Aboriginal participants were more likely to have physical disabilities compared to non-Aboriginal participants; fourteen percent of Aboriginal participants reported having a major physical disability compared to 6% of non-Aboriginal people. Compared to non-Aboriginal participants, the adjusted OR for major physical disability was 2.6 (2.2-3.1) for Aboriginal participants. Similarly, the adjusted OR was 2.9 (2.4-3.4) for severe functional limitation for Aboriginal participants compared to non-Aboriginal participants. Aboriginal participants were also more likely to be part-time or full-time carers for a sick or disabled family member or friend compared to non-Aboriginal participants; overall 9% of Aboriginal participants were full-time carers. Compared to non-Aboriginal participants, the adjusted OR for reporting poor health and quality of life was 3.6 (2.8-4.6) and 3.4 (2.6-4.4), respectively for Aboriginal participants. In regards to psychological distress, the adjusted ORs for high and very high psychological distress for Aboriginal participants compared to non-Aboriginal participants were 1.8 (1.5-2.2) and 2.4 (2.0-3.0), respectively (Table 5). Furthermore, Aboriginal participants were also more likely than non-Aboriginal participants to have ‘cut down on time spent on work or other activity’, have achieved ‘less than they would have liked to’ and to report doing ‘work or other activities less carefully’, due to emotional problems (Table 5).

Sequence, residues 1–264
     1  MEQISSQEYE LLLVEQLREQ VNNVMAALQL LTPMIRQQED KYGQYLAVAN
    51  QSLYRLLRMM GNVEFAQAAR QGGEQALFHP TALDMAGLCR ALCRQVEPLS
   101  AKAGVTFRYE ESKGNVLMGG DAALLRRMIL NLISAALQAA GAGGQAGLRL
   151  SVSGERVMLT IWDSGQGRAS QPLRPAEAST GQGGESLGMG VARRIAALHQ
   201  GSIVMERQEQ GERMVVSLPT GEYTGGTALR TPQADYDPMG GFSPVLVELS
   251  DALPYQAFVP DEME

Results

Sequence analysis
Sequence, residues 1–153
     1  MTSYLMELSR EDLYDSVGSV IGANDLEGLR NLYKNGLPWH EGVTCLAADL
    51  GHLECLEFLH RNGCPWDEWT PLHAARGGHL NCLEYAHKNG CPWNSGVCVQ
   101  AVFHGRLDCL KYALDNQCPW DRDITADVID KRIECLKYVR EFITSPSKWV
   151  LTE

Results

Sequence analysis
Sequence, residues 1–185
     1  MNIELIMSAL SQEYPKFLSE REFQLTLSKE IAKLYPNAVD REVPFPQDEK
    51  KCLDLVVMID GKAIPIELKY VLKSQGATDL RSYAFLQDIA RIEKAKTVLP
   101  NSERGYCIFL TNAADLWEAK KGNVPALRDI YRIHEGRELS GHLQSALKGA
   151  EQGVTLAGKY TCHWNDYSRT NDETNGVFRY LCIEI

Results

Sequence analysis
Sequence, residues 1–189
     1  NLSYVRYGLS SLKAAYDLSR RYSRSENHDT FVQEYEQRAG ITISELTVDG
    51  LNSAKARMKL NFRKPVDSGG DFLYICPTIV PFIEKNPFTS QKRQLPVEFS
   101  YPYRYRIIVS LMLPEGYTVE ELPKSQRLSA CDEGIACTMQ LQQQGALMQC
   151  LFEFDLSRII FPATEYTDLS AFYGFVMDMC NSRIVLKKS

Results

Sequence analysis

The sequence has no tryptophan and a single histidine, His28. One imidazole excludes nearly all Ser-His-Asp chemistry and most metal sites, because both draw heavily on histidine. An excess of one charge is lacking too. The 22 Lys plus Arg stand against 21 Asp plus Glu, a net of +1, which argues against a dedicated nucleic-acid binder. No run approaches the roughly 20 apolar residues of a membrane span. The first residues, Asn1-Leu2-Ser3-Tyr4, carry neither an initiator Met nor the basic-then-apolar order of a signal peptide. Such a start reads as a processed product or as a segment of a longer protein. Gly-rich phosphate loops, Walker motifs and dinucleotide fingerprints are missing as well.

Table 5. Self rated health, quality of life and psychological distress among Aboriginal and non-Aboriginal participants by sex

Although significant associations remained, further adjustment for income and education attenuated the odds ratios for the outcomes examined, suggesting that these are mediating factors. For health risk factors, full adjustment attenuated the OR by 46% for current regular smoking status and by 27% for the risk of being obese. In regards to previous medical conditions, full adjustment attenuated the OR from 11% to 66% for certain conditions or did not change the OR in others. The mediating role of formal education level and income was most evident for high and very high psychological distress (47% & 64%), severe functional health limitations (49%), major physical disability (45%) and full-time carer status (53%).

Discussion

The findings of this study have shown that Aboriginal participants of the 45 and Up study are more likely to be younger, be socially disadvantaged, have a greater number of health risk factors, suffer from a range of medical conditions, have major physical disability, have severe functional health limitations and have high or very levels of psychological distress compared to the non-Aboriginal participants.